What A Just Transition Would Look Like: Experts Discuss Reaching Climate Goals While Ensuring Justice for Impacted Communities


Photo courtesy of Wikimedia Commons.

Mackenzie McNemar, Staff

In order to reach sustainable climate goals, the world will need to achieve carbon neutrality by 2030, according to scientists. But at the current rate of emissions, we won’t reach this goal until 2045 – a fact that Ellie Cohen, CEO of the Northern California non-profit The Climate Center, made clear during a webinar entitled “Learning About a Just Transition,” which took place Oct. 28 in the run-up to the COP26 climate conference held in Glasgow.

Participants on the panel spoke about the importance of not only preparing for an energy transition to combat climate change, but also taking a comprehensive approach to ensure the protection of those populations that are most impacted by the changes.

Cohen introduced an effort known as Climate Safe California, which she said The Climate Center will be leading. According to Cohen, humanity needs to speed up the energy transition in order to achieve carbon neutrality by 2030.

To do this, she said, we need to work towards new policies, like accelerating the phaseout of fossil fuel development, production and use; funding climate action and sequestration; and investing in community resilience.

According to Veronica Wilson, a member of Labor Network for Sustainability (LNS), an organization that advocates for labor and environmental issues, “In California today, we are already studying [a] just transition,” with aggressive climate action taking place across the state.

“We are seeing policy, for example, in Governor Newsom’s Climate Crisis executive order of 2020,” which sought to achieve the goal of protecting 30 percent of California’s lands and waters by 2030, said Wilson. Because of these policies and Climate Safe California, people globally are looking to California to chart a cleaner future and an easier energy transition.

Not only should there be change for the energy sector, said LNS Executive Director Micheal Leon Guerrero, but also justice for the families and communities who are impacted by climate disruptions. “Workers and communities have too often been left behind and their environments devastated,” Guerrero said.

Guerrero said his group’s mission is to simultaneously “secure an ecologically sustainable and economically just future where everyone can make a living on a living planet,” adding that society is still largely unprepared for these transitions.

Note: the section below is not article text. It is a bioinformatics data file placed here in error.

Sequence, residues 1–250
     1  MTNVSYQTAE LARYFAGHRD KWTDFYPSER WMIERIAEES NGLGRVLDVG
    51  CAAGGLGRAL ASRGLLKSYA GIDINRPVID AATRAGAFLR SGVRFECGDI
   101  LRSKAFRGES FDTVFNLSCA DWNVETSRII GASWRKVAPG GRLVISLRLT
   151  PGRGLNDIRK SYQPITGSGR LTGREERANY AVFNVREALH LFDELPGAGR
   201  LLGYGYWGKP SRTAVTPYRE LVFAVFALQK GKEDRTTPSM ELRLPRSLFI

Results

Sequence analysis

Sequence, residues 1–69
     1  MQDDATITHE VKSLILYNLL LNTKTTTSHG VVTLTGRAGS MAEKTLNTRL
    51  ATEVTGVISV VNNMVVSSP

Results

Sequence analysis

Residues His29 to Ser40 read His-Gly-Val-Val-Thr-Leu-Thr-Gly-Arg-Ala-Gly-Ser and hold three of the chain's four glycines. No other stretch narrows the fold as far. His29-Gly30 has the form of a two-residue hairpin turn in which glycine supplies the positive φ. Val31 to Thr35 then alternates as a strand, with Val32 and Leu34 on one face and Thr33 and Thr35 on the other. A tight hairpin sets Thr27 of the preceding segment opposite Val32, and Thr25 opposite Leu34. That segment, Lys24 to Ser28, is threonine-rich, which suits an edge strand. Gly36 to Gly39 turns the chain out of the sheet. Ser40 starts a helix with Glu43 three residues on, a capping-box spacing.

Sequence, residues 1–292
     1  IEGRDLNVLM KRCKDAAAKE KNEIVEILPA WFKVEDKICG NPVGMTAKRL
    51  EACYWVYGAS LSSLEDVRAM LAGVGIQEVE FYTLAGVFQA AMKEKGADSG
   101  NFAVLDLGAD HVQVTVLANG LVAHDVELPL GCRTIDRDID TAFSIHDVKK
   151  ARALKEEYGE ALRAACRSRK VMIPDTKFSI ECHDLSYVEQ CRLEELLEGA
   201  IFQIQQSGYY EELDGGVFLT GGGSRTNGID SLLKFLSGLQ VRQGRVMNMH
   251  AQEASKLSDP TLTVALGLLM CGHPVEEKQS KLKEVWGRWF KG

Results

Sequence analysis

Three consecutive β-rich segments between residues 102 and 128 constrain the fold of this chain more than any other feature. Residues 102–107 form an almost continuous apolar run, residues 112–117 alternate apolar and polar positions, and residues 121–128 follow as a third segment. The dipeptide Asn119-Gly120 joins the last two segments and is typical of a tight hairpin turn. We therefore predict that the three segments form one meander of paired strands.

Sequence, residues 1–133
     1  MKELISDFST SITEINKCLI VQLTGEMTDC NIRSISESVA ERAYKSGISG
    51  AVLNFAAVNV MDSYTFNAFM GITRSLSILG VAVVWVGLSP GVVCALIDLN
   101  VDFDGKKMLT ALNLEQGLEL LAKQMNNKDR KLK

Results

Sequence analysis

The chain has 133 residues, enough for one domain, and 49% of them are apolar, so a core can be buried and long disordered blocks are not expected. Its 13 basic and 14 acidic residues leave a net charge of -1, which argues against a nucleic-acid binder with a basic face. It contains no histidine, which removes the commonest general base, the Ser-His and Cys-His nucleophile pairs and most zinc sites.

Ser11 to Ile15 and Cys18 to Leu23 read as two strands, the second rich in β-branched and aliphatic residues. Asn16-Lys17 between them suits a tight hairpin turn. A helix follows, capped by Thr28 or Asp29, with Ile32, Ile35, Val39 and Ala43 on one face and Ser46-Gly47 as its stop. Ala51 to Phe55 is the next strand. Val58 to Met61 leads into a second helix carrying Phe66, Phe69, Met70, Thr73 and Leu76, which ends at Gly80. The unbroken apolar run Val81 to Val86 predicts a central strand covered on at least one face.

Vivian Price, a professor of interdisciplinary studies at California State University, Dominguez Hills, in Carson, Calif., and co-author of the Just Transition Listening Project, explained the importance of listening to people who are impacted by the transitions. More than 100 workers and community leaders across 26 states were interviewed for the project.

“We heard from people who were involved,” said Price, and the process helped her and other researchers plan more equitable steps forward. “Transitions are constant and inevitable. Past transitions have been unnecessarily unjust.”

Price said the first strategy to achieve an equitable transition is to “Go Big” by looking directly at the impact the transition is having on workers and communities, and measuring that against how well the federal government is providing funding and programs.

The next step is to “Go Wide” by involving unions, workers and communities in the transition. Finally, “Go Far” leans towards a long-term commitment and investment in communities where the transitions are being most sharply felt.

In relation to policy making, Price also made several recommendations, stating that there should be “dedicated and robust funding in place” to help strengthen the process. According to Price, policymakers also need to support better protections for workers.

She said that workers are afraid of making the transition to a clean energy economy and that strong government policies could include wage replacement, alternative and comparable employment, health insurance coverage, relocation support, childcare, pension, and retirement contributions.

Also in the webinar, Hunter Stern, assistant business manager for the International Brotherhood of Electrical Workers Local 1245, presented a case study about PG&E’s decision to discontinue service with a historic power plant at Diablo Canyon.

After raising the percentage of renewable energy resources in its portfolio, PG&E decided that Diablo Canyon was “no longer economically viable,” according to Stern. This meant that PG&E would not re-license the power plant, which would affect the current workforce.

To ensure justice for the workers, IBEW Local 1245 teamed up with PG&E, a coalition of utility workers in California, and three environmental groups, which decided in 2016 to begin the process of shutting down Diablo Canyon. Their agreement ensured that the plant workers would have jobs until its closure, as well as an opportunity for paid leave and the ability to search for new work.

But in late 2017, the California Public Utilities Commission (PUC) decided that only 65 percent of the funding to keep the plant running at full capacity until its closure would be approved. The team objected and proceeded to push then-Governor Jerry Brown to sign a bill to reverse the PUC’s decision.

The case study showed the importance of a just transition, said Stern, because “the community, the group, is the strength here.”